LINGUIST List 10.1043

Wed Jul 7 1999

Disc: Corpora: Query/Discussion: Prep+relative who

Editor for this issue: Scott Fults <scottlinguistlist.org>


Directory

  1. Pieter de Haan, Corpora: Query/Discussion: Prep+relative who
  2. Kenneth W. Church, Corpora: Query/Discussion: Prep+relative who
  3. James L. Fidelholtz, Corpora: Query/Discussion: Prep+relative who
  4. Peter T. Daniels, Corpora: Query/Disc: Prep+relative who

Message 1: Corpora: Query/Discussion: Prep+relative who

Date: Fri, 02 Jul 1999 11:12:07 +0200
From: Pieter de Haan <P.deHaanlet.kun.nl>
Subject: Corpora: Query/Discussion: Prep+relative who

Dear James,

I'm not a native speaker, so any "intuition" I might have on this one
has been acquired more or less artificially, but I would be inclined
to agree with you that

>I think this construction is in an advanced state of near-death

and that most speakers would prefer the construction with the
postposed preposition. However, there are also constructions, notably
Carsten's # 6:

>(6) Instead, the sites are used by local residents, of who some 25
per or so come by foot and use the sites like an urban park, primarily
to take a walk (Harrison, 1981). (FR2: 453)

where the alternative construction with the postposed preposition does
not exist - which must have something to do with the fact that in
these cases the PP in which the relative pronoun functions is itself
part of an NP, rather than an adverbial on the level of the relative
clause.

I still teach my (Dutch-speaking) students to use WHOM rather than WHO
when it is immediately preceded by a preposition, irrespective of
whether this occurs in a relative clause or in an interrogative
sentence (To whom were you talking just now?), but would you (and
other native speakers) say that perhaps I'd better not pay any
attention to it? Or should I teach them to avoid the construction with
the initial preposition as much as possible anyway? Are native
speakers beginning to regard this as an awkward or perhaps even
unnatural construction?

Pieter



 Dr Pieter de Haan
 Department of English
 University of Nijmegen
 P.O. Box 9103
 NL-6500 HD Nijmegen
 The Netherlands
 Phone: + 31 24 3 61 58 80
 Fax: + 31 24 3 61 18 82
. . . . . . . . . E-mail: P.deHaanlet.kun.nl
 http://www.kun.nl/engdept/haan.htm
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Message 2: Corpora: Query/Discussion: Prep+relative who

Date: Fri, 02 Jul 1999 10:07:23 -0400
From: Kenneth W. Church <kwcresearch.att.com>
Subject: Corpora: Query/Discussion: Prep+relative who

Yes, I would take this a bit further. There are a few constructions
like this can distinguish someone a native speaker of American English
from someone who is very good with language, but learned the language
in a class. I remember my first trip to what was then the Soviet
Union. We were escorted everywhere by a few English teachers whose
English was perfect in nearly every respect. I was surprised that
their English was so good considering that they had never spoken to a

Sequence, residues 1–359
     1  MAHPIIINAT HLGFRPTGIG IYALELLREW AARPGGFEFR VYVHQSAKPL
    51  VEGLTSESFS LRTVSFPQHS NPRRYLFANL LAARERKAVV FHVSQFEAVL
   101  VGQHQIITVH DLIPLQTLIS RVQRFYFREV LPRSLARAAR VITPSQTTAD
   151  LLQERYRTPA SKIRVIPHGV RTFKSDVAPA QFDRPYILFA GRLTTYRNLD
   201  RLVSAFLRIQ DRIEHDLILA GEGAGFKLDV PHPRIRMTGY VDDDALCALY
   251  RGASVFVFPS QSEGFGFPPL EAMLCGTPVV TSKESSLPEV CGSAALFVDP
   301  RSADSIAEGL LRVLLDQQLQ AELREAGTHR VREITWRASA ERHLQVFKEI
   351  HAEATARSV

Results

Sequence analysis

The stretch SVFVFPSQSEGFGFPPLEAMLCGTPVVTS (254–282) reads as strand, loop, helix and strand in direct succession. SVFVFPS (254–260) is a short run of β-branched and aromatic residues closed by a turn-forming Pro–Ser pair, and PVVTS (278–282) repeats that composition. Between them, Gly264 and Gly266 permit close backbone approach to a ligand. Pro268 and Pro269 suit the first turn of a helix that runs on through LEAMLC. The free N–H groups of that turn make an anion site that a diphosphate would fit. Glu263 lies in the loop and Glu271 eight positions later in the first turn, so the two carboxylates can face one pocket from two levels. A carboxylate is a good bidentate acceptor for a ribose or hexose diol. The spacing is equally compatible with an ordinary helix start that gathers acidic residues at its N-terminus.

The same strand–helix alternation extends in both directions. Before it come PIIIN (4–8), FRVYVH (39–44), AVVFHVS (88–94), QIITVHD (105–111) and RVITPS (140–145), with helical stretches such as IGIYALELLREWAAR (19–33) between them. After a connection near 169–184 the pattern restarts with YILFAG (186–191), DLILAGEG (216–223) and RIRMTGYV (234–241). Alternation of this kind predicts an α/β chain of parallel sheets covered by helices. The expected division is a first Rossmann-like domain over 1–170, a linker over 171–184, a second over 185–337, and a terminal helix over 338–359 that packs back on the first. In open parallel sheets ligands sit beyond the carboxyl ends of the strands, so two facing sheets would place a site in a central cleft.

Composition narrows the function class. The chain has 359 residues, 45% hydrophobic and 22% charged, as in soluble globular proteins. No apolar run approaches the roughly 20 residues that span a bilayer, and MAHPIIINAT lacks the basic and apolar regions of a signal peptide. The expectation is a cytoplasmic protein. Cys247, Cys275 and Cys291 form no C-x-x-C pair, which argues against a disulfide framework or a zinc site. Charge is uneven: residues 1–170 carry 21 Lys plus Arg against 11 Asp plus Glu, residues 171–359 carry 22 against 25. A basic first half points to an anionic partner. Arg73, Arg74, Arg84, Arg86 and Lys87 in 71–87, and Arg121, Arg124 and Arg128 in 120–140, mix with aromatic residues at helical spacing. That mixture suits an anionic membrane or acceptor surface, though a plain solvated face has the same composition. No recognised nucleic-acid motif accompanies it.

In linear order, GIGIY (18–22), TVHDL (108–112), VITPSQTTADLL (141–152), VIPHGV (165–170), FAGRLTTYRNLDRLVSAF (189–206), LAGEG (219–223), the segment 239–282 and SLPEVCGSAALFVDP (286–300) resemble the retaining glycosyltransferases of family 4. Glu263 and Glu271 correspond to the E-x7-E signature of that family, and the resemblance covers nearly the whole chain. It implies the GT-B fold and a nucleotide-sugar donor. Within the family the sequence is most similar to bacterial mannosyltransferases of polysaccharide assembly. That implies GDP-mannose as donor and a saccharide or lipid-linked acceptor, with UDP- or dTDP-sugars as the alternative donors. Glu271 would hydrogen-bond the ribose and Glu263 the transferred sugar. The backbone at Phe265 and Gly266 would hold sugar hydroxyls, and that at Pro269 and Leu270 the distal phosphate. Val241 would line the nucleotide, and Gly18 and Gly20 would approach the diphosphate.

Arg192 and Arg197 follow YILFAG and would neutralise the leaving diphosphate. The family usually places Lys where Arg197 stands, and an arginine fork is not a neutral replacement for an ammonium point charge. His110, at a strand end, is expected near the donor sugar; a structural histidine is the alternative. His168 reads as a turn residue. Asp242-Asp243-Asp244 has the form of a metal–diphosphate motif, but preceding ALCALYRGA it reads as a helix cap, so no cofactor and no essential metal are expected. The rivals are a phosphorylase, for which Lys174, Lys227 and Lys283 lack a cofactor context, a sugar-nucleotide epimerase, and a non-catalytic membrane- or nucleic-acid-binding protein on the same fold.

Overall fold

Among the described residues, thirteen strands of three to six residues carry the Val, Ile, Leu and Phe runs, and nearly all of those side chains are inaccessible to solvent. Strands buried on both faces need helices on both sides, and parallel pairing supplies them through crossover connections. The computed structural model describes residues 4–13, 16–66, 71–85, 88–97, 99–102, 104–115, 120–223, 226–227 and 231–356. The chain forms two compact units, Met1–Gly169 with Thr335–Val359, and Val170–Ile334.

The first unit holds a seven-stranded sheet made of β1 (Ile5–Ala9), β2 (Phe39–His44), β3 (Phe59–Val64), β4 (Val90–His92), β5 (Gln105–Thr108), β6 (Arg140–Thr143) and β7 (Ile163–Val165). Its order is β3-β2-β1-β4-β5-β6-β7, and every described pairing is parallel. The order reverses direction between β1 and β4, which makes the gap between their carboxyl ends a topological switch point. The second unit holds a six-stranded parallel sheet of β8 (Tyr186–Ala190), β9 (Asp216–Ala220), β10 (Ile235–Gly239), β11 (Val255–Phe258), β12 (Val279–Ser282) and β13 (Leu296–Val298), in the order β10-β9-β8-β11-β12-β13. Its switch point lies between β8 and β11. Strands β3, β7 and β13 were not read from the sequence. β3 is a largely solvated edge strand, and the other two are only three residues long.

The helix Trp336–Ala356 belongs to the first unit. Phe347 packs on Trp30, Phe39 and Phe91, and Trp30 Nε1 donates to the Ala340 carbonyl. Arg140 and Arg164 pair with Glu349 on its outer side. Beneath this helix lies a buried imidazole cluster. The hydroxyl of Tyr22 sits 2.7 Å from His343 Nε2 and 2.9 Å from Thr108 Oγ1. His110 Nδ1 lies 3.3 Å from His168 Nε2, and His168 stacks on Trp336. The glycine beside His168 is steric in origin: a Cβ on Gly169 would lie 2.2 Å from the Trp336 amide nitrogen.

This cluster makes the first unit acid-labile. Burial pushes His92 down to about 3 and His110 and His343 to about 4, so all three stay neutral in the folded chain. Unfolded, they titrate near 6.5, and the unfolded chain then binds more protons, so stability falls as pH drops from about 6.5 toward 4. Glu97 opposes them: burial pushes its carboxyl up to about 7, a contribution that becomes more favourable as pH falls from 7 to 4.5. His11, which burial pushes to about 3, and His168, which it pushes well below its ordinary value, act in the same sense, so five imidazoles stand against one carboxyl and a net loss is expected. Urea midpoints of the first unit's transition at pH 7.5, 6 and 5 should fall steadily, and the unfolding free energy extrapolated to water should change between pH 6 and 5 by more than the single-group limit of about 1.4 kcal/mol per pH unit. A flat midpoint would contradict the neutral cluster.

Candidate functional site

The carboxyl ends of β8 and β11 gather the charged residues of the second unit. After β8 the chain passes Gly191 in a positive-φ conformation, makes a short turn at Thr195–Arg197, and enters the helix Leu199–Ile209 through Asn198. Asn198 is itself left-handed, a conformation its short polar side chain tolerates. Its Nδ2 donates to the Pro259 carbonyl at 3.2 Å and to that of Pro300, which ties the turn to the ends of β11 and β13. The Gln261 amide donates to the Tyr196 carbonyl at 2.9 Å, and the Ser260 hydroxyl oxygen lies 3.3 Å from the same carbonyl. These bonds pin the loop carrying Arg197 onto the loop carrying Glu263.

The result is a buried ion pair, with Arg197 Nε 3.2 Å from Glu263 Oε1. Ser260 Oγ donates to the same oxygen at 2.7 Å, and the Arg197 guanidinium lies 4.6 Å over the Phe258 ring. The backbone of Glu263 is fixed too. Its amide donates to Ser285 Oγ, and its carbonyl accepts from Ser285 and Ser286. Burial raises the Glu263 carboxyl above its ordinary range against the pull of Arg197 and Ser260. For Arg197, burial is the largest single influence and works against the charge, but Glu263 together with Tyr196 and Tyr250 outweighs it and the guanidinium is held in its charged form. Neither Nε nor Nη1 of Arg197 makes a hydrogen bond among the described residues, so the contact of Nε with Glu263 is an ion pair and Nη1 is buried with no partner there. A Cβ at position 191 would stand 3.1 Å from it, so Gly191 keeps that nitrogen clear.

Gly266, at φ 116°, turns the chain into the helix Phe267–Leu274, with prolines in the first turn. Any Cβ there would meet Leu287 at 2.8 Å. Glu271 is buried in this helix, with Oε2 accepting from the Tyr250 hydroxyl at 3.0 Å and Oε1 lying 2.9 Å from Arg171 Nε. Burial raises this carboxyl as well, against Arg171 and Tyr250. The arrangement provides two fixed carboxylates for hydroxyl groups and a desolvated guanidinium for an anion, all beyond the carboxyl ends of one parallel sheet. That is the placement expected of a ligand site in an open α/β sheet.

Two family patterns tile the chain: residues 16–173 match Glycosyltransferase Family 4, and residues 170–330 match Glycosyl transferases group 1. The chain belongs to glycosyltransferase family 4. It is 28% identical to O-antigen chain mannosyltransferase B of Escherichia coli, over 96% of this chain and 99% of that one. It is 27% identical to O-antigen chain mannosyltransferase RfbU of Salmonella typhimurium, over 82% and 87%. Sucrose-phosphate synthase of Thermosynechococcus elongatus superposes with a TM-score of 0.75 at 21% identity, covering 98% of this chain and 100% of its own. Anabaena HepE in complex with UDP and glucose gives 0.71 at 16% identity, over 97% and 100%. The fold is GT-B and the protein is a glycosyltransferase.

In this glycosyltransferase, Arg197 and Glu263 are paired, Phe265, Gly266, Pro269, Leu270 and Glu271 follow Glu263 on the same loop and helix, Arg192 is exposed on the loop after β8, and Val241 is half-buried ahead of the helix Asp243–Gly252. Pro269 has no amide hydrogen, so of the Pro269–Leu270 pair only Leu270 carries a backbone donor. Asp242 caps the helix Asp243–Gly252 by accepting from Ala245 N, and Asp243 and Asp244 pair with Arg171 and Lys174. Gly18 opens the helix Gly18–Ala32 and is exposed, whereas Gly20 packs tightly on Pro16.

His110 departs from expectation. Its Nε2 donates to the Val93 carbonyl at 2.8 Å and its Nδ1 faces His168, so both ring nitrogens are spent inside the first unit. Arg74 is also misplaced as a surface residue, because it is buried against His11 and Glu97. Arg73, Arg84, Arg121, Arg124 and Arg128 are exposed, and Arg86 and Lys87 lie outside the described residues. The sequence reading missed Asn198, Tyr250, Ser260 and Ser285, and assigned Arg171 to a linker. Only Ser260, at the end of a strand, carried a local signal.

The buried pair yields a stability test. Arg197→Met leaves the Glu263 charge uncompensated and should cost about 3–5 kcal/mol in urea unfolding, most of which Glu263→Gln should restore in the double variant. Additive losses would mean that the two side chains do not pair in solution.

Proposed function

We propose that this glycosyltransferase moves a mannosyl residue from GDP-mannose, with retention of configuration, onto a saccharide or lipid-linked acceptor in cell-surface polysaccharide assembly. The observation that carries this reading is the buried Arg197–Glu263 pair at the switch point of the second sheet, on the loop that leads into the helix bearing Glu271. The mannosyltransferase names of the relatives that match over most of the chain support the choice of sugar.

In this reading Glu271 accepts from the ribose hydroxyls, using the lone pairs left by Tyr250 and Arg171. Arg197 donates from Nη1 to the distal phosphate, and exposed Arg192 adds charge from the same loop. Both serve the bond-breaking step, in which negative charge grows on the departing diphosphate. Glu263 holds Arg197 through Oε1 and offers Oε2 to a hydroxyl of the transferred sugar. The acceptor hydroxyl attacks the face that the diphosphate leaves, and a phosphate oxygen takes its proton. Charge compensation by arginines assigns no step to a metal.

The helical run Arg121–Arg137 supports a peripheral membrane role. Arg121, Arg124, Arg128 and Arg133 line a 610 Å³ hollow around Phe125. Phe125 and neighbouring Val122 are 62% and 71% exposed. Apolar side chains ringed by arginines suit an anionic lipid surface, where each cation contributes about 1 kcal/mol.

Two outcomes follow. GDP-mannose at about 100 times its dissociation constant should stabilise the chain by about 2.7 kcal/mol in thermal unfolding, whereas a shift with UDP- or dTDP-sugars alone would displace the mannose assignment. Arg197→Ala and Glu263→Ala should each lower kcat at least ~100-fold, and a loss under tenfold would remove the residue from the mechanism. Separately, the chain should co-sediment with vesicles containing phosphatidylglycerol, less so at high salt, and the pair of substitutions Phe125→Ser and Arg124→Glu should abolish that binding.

native speaker of the language until we arrived. But there were a few
things like this that reminded us that their English wasn't quite
perfect, and that they had learned the language from text books that
were left over from before the war.
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Message 3: Corpora: Query/Discussion: Prep+relative who

Date: Fri, 2 Jul 1999 15:00:07 -0500 (CDT)
From: James L. Fidelholtz <jfidelsiu.buap.mx>
Subject: Corpora: Query/Discussion: Prep+relative who

Dear Pieter:
	Certainly most grammarians, pseudo or not, would agree with what
you teach (although I don't speak that way, but that's just because of
avoiding the construction altogether). It's of course also how I was
taught as a kid. On the other hand, before making recommendations, you
should check with some Brits, who are known (by us Americans) to speak
weird (and vice versa), to see whether the same sort of 'avoidance'
strategy which, yes, I would suggest from the point of view of this side
of the Atlantic, is also appropriate for European English. From your
earlier comments, I gather that the situation is similar in Britain,
however.
	By the way, in the example (6) above I would probably use 'of
which', which avoids the problem altogether, and still gives me some
pretense of being among the linguistically elite.

	Jim

James L. Fidelholtz			e-mail: jfidelsiu.buap.mx
Maestr�a en Ciencias del Lenguaje
Instituto de Ciencias Sociales y Humanidades
Benem�rita Universidad Aut�noma de Puebla, M�XICO
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Message 4: Corpora: Query/Disc: Prep+relative who

Date: Wed, 07 Jul 1999 07:16:12 -0400
From: Peter T. Daniels <grammatimworldnet.att.net>
Subject: Corpora: Query/Disc: Prep+relative who



I did not see these data before, but it's clear from the content/context
of virtually all of them that they are British, not American usage.

And to me they sound universally impossible -- PREP + who is not an
option.

-
Peter T. Daniels grammatimworldnet.att.net
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